Take Up Your Cross

By Fr Pat Amobi Chukwuma

A newly converted middle-aged man came into a church with overdose zealousness. The minister ascended the pulpit and read a passage from the Bible where Jesus Christ said, “If you wish to be a follower of mine, denounce yourself, take up your cross daily and follow one” (Luke 9:23). The new convert did not wait for the service to come to an end. He rose immediately from his seat and hurried out of the church.

He went straight away to a carpentry workshop and asked the carpenter to construct a big wooden cross for him at any cost. He wanted it to be ready on the next day. At last they settled at a definite price. The carpenter promised to deliver it as requested.

Then he went home and denounced himself before his mother, wife and three children. From that day he took up Simon of Cyrene as his new name. He asked his mother, wife and the three children to look after themselves because he has decided to follow Jesus Christ.

At sunrise on the next day, the new convert rushed to the carpenter’s workshop to carry his consignment. He was very glad that the carpenter delivered as he promised. The constructed wooden cross was averagely heavy. He happily paid for it. From that day he carried the cross on his shoulders wherever he goes.

One day he carried the cross as he attended his village meeting. He was sweating profusely at his arrival. The chairman of the meeting confronted him with this question: “My friend, what is the meaning of this cross you are carrying? Do you want to be crucified like Jesus Christ? Or are you one of the thieves crucified with him?” He smiled and replied, “I am now a Christian. Jesus Christ instructed that any follower of his must carry his cross daily and follow him. That is exactly what I am doing every day.”

As soon as the village meeting began, the new Christian convert slept off due to boredom. He was snoring like a wounded pig, which attracted everyone in the hall. He became a nuisance. The chairman ordered two strong men to convey the cross into his office and lock it up.

They came back into the hall in a twinkling of an eye. Then the sleeping and snoring convert was awoken with a slap on his face. He jumped up sleepily and shouted, “Back to sender! Where am I? And where is my cross?” What followed cannot be contained in this write-up. It will be a topic for another day.

I have watched a film titled “My cross.” It is all about a young catholic priest whose vocation was threatened by various calamities. At a time he lost his parents and his two siblings in a fatal accident. It was too heavy for him to bear. But by the grace of God he survived the tragedy of the loss of the whole family members.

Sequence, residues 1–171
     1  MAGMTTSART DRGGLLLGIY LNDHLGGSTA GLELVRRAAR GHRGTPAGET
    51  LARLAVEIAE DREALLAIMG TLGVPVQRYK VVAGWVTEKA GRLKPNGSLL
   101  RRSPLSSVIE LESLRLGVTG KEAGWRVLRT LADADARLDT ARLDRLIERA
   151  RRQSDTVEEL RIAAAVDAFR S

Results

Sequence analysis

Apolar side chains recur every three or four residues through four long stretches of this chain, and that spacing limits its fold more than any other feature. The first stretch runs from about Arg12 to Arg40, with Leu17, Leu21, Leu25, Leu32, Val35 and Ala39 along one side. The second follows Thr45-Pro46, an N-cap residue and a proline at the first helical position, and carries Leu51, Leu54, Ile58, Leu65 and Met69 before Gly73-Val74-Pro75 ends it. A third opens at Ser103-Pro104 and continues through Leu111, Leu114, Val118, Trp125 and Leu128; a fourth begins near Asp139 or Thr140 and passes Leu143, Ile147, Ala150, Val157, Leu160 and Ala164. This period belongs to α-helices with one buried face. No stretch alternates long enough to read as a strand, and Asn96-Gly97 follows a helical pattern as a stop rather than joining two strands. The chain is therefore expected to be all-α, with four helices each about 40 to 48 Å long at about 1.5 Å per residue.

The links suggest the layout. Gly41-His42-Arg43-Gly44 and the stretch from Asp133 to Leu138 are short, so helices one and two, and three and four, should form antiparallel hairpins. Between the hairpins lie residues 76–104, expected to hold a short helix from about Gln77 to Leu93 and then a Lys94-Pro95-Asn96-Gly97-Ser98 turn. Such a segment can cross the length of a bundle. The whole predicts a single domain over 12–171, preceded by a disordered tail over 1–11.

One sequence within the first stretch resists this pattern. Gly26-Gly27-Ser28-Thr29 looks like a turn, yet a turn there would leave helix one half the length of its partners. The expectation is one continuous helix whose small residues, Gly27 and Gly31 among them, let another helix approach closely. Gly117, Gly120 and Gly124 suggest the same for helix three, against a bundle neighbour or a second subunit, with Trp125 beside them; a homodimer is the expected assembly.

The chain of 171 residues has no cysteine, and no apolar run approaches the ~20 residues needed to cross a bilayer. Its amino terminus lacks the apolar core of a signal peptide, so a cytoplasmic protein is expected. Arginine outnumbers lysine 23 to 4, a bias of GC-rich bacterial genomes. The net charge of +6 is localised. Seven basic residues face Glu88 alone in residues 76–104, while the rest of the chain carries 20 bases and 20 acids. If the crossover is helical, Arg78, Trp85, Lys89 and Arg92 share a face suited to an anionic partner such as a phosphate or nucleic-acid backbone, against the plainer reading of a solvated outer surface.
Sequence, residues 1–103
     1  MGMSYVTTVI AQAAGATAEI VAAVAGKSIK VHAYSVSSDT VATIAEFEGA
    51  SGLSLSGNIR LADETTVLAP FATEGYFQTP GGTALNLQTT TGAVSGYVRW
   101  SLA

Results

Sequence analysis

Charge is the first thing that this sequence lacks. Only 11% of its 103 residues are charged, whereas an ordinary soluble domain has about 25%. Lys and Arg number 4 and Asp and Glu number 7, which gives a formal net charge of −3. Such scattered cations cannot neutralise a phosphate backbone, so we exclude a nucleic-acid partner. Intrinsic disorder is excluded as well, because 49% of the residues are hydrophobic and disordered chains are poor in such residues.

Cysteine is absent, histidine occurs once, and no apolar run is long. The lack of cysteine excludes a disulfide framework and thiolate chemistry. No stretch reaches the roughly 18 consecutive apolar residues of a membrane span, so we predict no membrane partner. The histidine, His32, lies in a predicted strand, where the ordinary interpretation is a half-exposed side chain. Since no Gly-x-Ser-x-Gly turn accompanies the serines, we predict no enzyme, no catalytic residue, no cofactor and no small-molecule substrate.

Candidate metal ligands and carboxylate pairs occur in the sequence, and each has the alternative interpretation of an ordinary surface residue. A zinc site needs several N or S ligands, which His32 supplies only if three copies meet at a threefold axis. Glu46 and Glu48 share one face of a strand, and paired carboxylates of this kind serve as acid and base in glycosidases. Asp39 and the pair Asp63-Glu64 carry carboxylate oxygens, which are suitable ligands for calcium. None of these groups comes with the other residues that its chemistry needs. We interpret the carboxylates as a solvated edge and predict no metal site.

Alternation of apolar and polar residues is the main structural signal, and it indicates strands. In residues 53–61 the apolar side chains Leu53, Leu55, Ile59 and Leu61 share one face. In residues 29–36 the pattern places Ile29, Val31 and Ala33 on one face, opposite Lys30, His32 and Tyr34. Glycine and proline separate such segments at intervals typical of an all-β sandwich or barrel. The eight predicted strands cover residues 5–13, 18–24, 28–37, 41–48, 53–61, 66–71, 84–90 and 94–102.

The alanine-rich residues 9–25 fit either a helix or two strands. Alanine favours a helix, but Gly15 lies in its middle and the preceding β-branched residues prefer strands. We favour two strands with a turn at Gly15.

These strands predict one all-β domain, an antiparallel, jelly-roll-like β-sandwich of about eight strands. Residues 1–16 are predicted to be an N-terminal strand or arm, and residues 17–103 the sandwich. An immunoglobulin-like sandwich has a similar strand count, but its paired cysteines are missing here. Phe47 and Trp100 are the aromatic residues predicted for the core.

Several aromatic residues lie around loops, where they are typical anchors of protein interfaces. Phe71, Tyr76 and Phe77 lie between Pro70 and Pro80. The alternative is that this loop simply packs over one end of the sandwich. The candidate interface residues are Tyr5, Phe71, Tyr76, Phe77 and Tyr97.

As a celibate priest he became the only survivor. His late father was rich and owned a big company. He built a magnificent family house that resembled one found in paradise. Who would inherit all these?

The concerned elders in the priest’s kindred convoked an emergency meeting. They came up with the idea of visiting the priest in his parish. They did so with dispatch. They asked him to abandon his priestly ministry, marry a wife and inherit his late father’s property.

He humbly requested them to give him time to think over it. Indeed it was a very tempting moment for him. After prayerful deliberation, he decided not to denounce his priesthood at the altar of marriage and family inheritance. Instead he willed the giant family house to the less privileged. It became an orphanage home. He also handed over his father’s company to one of his close relations. Then he carried on the cross of the catholic priesthood.

The cross Jesus Christ instructed his followers to carry is not a material wooden cross. Rather it is the difficulties and temptations we encounter in this life. It can come in the form of sickness, bad luck setback, poverty, childlessness, single life, troubled marriage, calamities, death, etc.

In our country Nigeria we have assorted crosses staring us in the faces. They include bad governance, hunger, anger, unemployment, marginalization, nepotism, terrorism, wanton killings, banditry, ethnic cleansing, bad roads, incessant power failure, etc. In fact, to be a Nigerian is a big cross itself. These crosses we are carrying in this country is due to bad governance and corruption. Let us not despair. If there is life, then there is hope of better Nigeria.

Some men and women of God teach their followers that God did not create anyone to suffer. Hence they preach the gospel of prosperity. For them suffering is a curse. Few years ago, I overheard a pastor shouting to his congregants, “You must be rich! Claim it!”

The suffering congregants were chorusing, “I claim it! I claim it!! I claim it!!!” In order to claim it, each person paid a heavy tithe to the pastor. Afterwards he smiled to the bank, bought a luxurious car and built a modern two-storey house. On their own part, the congregants smiled to the toilet. Till today, they are yet to claim the promised wealth. Some of them have died in abject poverty.

I was in the course of writing this article when tragedy struck. My laptop computer crashed and was technically pronounced dead. I had np choice than to starve my readers for some weeks. It was a heavy cross for me to stay idle. As a way forward, I found another way of exercising my intellectual ability in writing. When one door closes, another one opens. Man is a bundle of possibilities. Never give up !